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Lactic Acidosis in an Infant Receiving HIV Prophylaxis


Zidovudine is safe and effective in reducing transmission of HIV from mother to infant but rare serious side effects do occur. Is it worth the risk?

[[{"type":"media","view_mode":"media_crop","fid":"58740","attributes":{"alt":"zidovudine ","class":"media-image media-image-right","id":"media_crop_9639841506509","media_crop_h":"0","media_crop_image_style":"-1","media_crop_instance":"7425","media_crop_rotate":"0","media_crop_scale_h":"0","media_crop_scale_w":"0","media_crop_w":"0","media_crop_x":"0","media_crop_y":"0","style":"height: 272px; width: 435px; float: right;","title":" ","typeof":"foaf:Image"}}]]The rate of vertical transmission of human immunodeficiency virus (HIV) has dramatically decreased with the administration of antiretroviral treatments (ART) to HIV-infected mothers and their infants. The Pediatric AIDS Clinical Trials Group 076 (PACTG 076) originally showed zidovudine, a nucleoside analogue reverse transcriptase inhibitor (NRTI), to be a safe and effective therapy in preventing vertical transmission when administered to both mother and child.1 Guidelines currently recommend zidovudine for HIV prophylaxis for 4-6 weeks for neonates exposed to HIV in utero.2 Despite the overall safety findings of zidovudine from PACTG 076, rare, but serious, side effects have been observed. Although data are conflicting, NRTIs have been linked to mitochondrial toxicity that leads to lactic acidosis, cardiac abnormalities, neurologic delays, and death.3-5 We present a case of presumed mitochondrial toxicity and lactic acidosis in an infant exposed to zidovudine for HIV prophylaxis.

Patient presentation

A 5-week-old female born to an HIV-positive mother presented to a referring hospital for excessive vomiting of 2 days’ duration. Emesis was reported to occur after each feed and was non-bloody, non-bilious, and non-projectile. She had been afebrile with no sick contacts. She did have a history of reflux and would have small spit-ups after each feed. Diet consisted of infant formula 2-4 oz every 2-4 hours, mixed appropriately. Prenatal history was notable for maternal HIV diagnosed 16 years prior to the pregnancy; the mother, however, did not start HAART until pregnancy was confirmed. Treatment was initiated with elvitegravir/cobicistat/emtricitabine/tenofovir 6 months prior to her giving birth. She received IV zidovudine intrapartum, and the patient was delivered by scheduled C-section at 39 weeks gestation. Infant was given oral zidovudine 4 mg/kg/dose every 12 hours within 6 hours of birth and scheduled to continue for a 6-week total course.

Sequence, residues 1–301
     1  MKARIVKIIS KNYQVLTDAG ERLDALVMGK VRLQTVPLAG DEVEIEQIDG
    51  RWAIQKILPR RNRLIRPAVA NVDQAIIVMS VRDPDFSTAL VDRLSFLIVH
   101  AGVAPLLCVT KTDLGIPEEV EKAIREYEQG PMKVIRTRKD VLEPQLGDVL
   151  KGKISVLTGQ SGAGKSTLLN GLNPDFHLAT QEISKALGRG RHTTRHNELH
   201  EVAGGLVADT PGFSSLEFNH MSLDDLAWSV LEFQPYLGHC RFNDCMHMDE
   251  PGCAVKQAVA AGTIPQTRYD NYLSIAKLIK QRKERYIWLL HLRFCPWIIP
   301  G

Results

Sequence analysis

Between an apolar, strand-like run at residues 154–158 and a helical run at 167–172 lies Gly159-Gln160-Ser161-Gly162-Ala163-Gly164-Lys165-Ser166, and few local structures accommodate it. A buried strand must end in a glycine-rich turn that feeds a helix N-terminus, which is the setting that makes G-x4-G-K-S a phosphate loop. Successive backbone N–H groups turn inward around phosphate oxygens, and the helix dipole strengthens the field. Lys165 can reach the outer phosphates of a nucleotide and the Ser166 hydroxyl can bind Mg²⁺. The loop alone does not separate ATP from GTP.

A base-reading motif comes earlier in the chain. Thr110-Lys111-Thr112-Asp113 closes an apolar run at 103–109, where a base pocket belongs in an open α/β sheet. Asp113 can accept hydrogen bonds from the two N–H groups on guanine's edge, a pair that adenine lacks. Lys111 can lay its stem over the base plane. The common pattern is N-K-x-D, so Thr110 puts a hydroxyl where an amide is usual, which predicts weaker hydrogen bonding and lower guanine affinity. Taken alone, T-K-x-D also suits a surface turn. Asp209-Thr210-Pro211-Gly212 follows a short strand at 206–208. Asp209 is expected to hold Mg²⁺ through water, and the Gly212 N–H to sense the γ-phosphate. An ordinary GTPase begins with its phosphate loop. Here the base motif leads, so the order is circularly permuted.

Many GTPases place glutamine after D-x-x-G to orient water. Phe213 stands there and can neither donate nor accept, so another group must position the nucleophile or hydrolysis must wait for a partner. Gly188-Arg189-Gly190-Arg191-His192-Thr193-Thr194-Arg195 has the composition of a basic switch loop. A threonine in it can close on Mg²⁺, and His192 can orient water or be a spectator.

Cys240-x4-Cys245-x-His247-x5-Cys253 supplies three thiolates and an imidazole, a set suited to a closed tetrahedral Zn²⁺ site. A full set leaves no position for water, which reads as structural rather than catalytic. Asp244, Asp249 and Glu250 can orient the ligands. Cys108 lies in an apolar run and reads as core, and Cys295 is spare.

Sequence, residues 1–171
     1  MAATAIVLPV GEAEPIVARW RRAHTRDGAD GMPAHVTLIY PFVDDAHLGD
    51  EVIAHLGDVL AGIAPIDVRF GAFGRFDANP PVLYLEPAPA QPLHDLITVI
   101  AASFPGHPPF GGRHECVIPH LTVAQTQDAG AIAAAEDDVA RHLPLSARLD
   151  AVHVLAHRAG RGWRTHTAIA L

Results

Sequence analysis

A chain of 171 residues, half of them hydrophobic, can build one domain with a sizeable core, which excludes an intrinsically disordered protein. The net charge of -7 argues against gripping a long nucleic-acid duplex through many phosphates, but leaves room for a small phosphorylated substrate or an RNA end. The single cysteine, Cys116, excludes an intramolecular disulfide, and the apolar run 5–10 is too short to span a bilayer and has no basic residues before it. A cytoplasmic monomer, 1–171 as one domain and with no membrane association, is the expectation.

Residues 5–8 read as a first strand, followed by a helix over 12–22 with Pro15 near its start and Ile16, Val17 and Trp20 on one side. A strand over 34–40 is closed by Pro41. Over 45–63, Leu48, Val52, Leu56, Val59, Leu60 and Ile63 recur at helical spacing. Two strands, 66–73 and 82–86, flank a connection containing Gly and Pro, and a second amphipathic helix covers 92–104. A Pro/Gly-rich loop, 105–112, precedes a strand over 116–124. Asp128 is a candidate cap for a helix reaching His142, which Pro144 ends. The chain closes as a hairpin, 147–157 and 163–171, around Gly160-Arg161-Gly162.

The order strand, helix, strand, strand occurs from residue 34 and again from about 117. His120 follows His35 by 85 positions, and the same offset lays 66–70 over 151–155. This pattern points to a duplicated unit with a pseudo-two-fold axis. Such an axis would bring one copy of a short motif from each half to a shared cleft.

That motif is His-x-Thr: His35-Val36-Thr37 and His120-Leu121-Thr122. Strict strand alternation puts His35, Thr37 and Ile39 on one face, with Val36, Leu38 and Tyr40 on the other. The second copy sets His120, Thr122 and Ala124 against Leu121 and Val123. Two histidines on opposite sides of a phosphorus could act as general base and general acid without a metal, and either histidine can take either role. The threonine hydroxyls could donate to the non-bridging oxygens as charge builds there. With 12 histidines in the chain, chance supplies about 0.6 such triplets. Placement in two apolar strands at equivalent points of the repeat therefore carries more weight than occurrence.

On presentation, results of the infant’s laboratory studies were notable for a CO2 of 17 mEq/L. BUN, creatinine, and liver enzymes were all within normal limits. Lactic acid levels were initially reported at 6.2 mmol/L, repeated, and levels remained elevated at 5.3. LDH was 345 U/L, venous pH 7.29, and pCO2 40 mmHg. CBC value was reassuring. Results of abdominal X-ray and pyloric ultrasound were unremarkable. Rapid testing for influenza and respiratory syncytial virus were negative. Urine and blood cultures were sent. Patient received a 15 mL/kg IV fluid bolus and was transferred to our hospital for further evaluation of metabolic acidosis.

Upon admission, zidovudine was stopped given that the patient was close to completing the 6-week course and hyperlactatemia was present. The patient was monitored as an inpatient for 3 days and had no further vomiting episodes. Results of blood and urine cultures drawn at the referring hospital were reported negative and HIV testing was negative. Repeat labs were completed on the day of discharge and showed elevated potassium and bicarbonate slightly low at 18. Venous blood gas showed pH 7.41 and lactate 1.1. Urine electrolytes were sent for evaluation of possible renal tubular acidosis type 2, but given normal pH on repeat venous blood gas this diagnosis was ruled out. Patient was discharged with close follow-up by primary care.

Next: Hyperlactatemia and lactic acidosis, discussion

[[{"type":"media","view_mode":"media_crop","fid":"58901","attributes":{"alt":"","class":"media-image media-image-right","id":"media_crop_562210897956","media_crop_h":"0","media_crop_image_style":"-1","media_crop_instance":"7455","media_crop_rotate":"0","media_crop_scale_h":"0","media_crop_scale_w":"0","media_crop_w":"0","media_crop_x":"0","media_crop_y":"0","style":"height: 266px; width: 399px; float: right;","title":" ","typeof":"foaf:Image"}}]]Discussion